A Poem Stolen in Celebration
of David Davis (1946-2020)
by Paulette DemersTurco
Nuttall’s woodpecker shakes its wings,
the woodcock flies up, twittering,
the Great Horned owl questions “who?”
How dawn’s skies are flaring red
for human sight, how earthbound streams
fall and leap into the air.
Only joy metastasized——
to brighter yellow, free from shade;
how snowmen populate the clouds.
How receptors in your brain
made orbits orbit, juggled stamps
and needles, thread, imagined
sonnet with a horse, how larkspur
served as lodestone for a cow,
knew canine theology,
how green and red tomatoes share
a vine, how orange is a word
that can be rhymed by more ang-
elic. You hiked by columbine
and rose, though briars tore your clothes,
steady, while crossing streams on rocks.
While rooted like a winter oak,
you caught the sun, crossed a clearing,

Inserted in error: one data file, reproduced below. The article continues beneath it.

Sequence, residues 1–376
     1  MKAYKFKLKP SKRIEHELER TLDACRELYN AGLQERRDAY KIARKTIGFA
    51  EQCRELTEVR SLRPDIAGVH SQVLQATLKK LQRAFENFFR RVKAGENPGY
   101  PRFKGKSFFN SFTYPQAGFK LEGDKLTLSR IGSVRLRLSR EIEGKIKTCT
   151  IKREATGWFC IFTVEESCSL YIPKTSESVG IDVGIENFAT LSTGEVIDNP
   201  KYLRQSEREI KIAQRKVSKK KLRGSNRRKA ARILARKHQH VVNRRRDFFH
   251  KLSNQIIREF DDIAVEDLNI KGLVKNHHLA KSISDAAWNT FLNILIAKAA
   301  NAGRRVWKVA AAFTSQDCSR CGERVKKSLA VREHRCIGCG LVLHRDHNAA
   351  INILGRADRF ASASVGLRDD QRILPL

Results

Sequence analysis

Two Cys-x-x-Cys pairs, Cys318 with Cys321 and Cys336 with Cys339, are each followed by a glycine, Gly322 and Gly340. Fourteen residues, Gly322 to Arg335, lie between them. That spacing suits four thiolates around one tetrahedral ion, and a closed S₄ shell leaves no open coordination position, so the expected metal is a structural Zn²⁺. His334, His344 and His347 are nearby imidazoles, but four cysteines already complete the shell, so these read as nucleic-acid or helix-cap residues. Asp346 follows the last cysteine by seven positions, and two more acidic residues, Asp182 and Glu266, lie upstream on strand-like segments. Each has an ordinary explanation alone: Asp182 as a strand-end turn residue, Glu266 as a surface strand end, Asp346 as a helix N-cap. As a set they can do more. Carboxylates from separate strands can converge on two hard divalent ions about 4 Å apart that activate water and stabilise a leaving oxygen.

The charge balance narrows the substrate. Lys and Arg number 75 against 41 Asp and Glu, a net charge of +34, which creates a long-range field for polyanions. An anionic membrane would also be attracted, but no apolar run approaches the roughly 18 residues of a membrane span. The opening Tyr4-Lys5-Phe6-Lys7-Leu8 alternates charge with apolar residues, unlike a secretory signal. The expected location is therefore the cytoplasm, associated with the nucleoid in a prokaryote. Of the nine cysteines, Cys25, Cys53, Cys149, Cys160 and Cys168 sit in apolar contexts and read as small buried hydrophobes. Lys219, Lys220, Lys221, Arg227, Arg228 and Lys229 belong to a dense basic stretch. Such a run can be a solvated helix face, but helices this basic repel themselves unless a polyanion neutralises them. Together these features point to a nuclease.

like the moth beside Chalk Creek.
Your heart slowed down near Market Town,
on second Saturdays—now Zoom—
you sat with poets talking vigorously
inside the town library;
a programmer as alchemist,
your wonder grasped infinity.
Your poetry lives at Joppa Flats,
your whoo-hoo echoes Sunday mics,
your theory—imminence of cause,
discarded once you knew deep love—
replaced by natural communion.
Your endorphins flow with joy
while an oriole sings overhead.
From you we learned how small the mind
of a chickadee, how large its world.
A Cento—a poem designed by assembling words from poems of
another poet. Italicized words are mine.